The number of cases of the coronavirus are hitting all-time highs statewide, and while Franklin County isn’t at record levels, the surge is beginning to show locally. Concerns over the virus’ latest increase also led Royston officials Tuesday to cancel the city’s annual Christmas parade.
The number of cases of the coronavirus are hitting all-time highs statewide, and while Franklin County isn’t at record levels, the surge is beginning to show locally.
Concerns over the virus’ latest increase also led Royston officials Tuesday to cancel the city’s annual Christmas parade.
The Georgia Department of Public Health reported 3,709 new confirmed cases of the virus Tuesday in statewide statistics.
That follows a record 5,017 new cases reported Friday and another 4,872, the second-most in one day, reported on Monday.
The state has had 44,182 new cases in the past two weeks, with 12.1 of those being tested for the virus testing positive.
Franklin County has had 125 cases confirmed in the last two weeks, which is about a tenth of all of the 1,260 cases found in the county since the pandemic began in the spring.
Of those being tested in Franklin County, 18.5 percent have tested positive in the past two weeks.
A rise in cases was also reported in the Franklin County School System.
In its annual weekly report on the virus Tuesday, the school system reported as of that day that 17 students had tested positive for the virus.
That number was by and far the highest number of students with the actual virus the system had reported since August. The previous high was seven on Sept. 1.
In addition, 12 school system employees had positive tests as of Tuesday. That was also a record since August, with the previous high being seven on Aug. 25.
In addition to those with confirmed cases, 188 students had been quarantined due to exposure.
Combined with the number of students with positive tests, 5.69 percent of the system’s students were out of school due to the virus as of Tuesday.
Deaths from the virus, which lag behind confirmed cases by a week or so, are not near record levels.
Franklin County has had 19 deaths from the virus and none since Nov. 9.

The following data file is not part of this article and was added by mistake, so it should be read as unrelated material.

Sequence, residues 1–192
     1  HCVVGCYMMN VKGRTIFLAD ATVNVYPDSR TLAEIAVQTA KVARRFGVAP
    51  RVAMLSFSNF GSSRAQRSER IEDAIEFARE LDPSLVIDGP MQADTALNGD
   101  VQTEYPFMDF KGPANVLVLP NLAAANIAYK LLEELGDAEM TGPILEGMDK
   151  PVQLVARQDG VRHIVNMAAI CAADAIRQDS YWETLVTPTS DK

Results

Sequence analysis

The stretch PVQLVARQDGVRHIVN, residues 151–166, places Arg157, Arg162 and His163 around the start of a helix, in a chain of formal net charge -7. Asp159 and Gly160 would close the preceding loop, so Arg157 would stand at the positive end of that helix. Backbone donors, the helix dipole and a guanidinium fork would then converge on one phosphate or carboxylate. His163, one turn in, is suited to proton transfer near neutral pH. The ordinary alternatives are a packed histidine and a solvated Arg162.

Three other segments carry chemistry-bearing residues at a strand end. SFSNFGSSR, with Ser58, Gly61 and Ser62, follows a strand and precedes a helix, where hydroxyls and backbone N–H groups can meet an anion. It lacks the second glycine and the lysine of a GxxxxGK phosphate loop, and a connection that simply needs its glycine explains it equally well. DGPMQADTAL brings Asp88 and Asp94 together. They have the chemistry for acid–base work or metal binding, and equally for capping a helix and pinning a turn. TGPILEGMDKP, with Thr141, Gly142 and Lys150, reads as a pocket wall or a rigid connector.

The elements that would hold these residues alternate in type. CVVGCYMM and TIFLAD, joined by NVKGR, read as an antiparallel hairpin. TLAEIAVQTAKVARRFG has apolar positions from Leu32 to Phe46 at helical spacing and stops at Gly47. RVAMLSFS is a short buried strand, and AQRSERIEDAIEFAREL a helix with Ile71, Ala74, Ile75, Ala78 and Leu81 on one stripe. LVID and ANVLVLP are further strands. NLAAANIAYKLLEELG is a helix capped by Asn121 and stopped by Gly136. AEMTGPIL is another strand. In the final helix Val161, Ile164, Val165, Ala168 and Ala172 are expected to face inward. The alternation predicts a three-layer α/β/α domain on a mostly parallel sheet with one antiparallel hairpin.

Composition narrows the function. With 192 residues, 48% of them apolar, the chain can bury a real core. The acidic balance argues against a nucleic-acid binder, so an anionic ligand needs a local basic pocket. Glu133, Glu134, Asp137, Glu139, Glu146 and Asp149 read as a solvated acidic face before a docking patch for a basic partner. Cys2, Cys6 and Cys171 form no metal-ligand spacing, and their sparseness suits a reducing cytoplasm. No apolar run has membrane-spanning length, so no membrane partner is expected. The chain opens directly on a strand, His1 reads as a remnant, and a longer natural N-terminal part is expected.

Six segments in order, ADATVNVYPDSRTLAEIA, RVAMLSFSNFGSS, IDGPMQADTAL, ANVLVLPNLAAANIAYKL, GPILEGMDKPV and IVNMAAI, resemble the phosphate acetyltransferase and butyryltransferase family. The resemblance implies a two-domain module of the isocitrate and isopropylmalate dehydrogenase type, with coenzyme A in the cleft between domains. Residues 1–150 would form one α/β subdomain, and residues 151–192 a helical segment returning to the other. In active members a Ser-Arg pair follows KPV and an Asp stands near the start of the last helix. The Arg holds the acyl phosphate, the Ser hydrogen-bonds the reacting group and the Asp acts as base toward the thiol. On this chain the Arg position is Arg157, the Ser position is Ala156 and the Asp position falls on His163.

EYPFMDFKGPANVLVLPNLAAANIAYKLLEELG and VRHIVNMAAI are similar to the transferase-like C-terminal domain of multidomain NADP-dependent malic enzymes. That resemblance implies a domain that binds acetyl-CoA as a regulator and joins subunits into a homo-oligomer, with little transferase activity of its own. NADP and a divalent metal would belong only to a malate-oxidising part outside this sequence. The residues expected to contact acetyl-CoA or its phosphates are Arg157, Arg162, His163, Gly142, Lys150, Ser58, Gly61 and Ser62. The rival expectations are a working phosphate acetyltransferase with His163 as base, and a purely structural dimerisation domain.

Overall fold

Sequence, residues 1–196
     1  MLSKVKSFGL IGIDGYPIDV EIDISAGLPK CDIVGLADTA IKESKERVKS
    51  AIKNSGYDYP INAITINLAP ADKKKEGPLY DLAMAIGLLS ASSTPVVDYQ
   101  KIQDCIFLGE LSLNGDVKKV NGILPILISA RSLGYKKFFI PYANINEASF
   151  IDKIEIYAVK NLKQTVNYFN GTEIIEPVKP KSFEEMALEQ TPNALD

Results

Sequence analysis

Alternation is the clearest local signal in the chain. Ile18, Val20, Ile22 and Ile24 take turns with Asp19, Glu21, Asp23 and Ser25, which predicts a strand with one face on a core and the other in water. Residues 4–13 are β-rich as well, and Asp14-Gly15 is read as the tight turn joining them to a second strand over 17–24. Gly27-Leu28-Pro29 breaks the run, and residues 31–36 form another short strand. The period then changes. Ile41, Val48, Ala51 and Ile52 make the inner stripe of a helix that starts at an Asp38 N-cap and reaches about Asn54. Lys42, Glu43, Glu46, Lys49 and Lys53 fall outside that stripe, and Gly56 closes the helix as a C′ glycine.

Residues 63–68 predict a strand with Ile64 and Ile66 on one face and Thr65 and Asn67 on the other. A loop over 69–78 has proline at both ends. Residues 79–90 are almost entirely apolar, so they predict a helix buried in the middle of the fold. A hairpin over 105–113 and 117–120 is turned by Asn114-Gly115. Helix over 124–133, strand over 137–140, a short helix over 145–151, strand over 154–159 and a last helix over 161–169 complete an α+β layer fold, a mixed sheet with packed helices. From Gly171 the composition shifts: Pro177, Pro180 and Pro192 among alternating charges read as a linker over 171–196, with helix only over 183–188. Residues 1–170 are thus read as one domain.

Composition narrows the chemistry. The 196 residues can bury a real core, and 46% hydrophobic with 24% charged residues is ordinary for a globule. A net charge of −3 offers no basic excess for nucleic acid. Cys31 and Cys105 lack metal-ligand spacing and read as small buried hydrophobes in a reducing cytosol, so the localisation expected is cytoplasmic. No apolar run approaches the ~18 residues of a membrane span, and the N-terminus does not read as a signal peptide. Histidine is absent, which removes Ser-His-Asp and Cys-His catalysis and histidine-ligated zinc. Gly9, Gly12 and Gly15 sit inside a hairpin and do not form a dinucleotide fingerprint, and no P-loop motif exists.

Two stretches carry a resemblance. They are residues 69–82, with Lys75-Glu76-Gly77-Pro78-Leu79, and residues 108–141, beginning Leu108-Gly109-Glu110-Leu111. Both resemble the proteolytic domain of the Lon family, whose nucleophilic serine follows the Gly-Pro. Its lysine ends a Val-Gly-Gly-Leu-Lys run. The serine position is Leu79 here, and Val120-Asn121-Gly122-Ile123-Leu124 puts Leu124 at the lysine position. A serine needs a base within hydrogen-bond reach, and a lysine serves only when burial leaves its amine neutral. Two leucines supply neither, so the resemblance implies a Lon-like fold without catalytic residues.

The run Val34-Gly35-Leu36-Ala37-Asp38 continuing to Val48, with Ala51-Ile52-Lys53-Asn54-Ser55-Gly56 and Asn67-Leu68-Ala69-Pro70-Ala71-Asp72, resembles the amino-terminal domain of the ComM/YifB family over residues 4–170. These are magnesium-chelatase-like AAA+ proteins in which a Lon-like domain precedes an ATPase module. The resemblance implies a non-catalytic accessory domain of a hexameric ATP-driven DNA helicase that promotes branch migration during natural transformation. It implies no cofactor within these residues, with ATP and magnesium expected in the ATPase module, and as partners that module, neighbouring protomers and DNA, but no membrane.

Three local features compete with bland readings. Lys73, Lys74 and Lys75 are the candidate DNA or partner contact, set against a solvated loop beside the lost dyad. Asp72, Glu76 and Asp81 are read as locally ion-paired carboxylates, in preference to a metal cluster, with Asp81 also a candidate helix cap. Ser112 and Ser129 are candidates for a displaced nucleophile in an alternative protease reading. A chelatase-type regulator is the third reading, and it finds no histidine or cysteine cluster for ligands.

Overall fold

The increase in cases is beginning to take its toll on area healthcare providers and activities.
St. Mary’s Sacred Heart Hospital in Lavonia hasn’t been filled by the virus, but St. Mary’s Hospital in Athens has.
“As you know, COVID numbers are increasing everywhere around the nation and across much of Georgia, including here in our service area,” St. Mary’s Sacred Heart President Jeff English said. “Our hospital is very busy from all causes, not just COVID, but we are managing the volume pretty well at this point. Currently we are not on diversion here at Sacred Heart Hospital, though in Athens, St. Mary’s has had to go on diversion briefly on several occasions recently.”
“Diversion” means that a hospital’s normal capacity “is greatly exceeded,” information from St. Mary’s said.
“When a hospital goes on diversion, EMS will transport patients to the next nearest appropriate facility,” information from the hospital said. “If all facilities in a region are on diversion at the same time, EMS will alternate. There is no diversion for heart attacks or women in labor. Diversion is most commonly due to lack of inpatient beds, resulting in admissions backing up in the Emergency Department. This in turn results in reduced capacity to see [emergency] patients in a timely manner, which can create long wait times.”
England said people need to continue to work to “flatten the curve.
“A vaccine is coming, but it will take months to roll it out and for it to take effect,” he said. “In the meantime, it is as important as ever to wear a mask, keep good social distance, avoid large gatherings, wash your hands, and stay home and call your doctor if you develop symptoms of COVID or the flu. This is especially true since flu season is starting. Our communities have done an amazing job of flattening the curve before. We need them to stay in this fight with us by everyone doing their part.”
Exposure to the virus caused the closure of the Franklin County Courthouse Thursday, but offices reopened Tuesday.
Similarly, Royston City Hall reported exposure to the virus, causing a city council meeting Tuesday to be moved to Zoom.
City Manager Ed Andrews encouraged citizens to pay bills online at www.cityofroyston.com or to use the city’s dropbox at City Hall for payments.
The Royston Downtown Development Authority and City Council agreed Tuesday to cancel the city’s Christmas parade, which was scheduled for Saturday evening.
MainStreet Director Michael Crump said that the consensus of the DDA was to cancel the parade due to rising number of coronavirus cases in the area.
Plus, he said, rain is expected at the time of the parade.
“As much as we hate to do this, it may be in the best interest this year to cancel it,” Crump said.
Members of the council agreed.
“I’m all for trying to celebrate Christmas and spread Christmas joy, but I dare not be responsible for spreading COVID,” Council Member Keith Turman said.
With other communities canceling their parades, Turman said, more people than usual would be expected at the event.
Police Chief Donnie Bolemon said that his department and his Police Explorers are also being hit with positive virus cases or quarantines.
“My staffing numbers as far as assistance for the parade is going to be very limited obviously,” he said.
The Royston Council voted unanimously to support the DDA’s decision to call off the parade.
The Royston Christmas Market will be held Saturday from 10 a.m. until 4 p.m. at the Depot.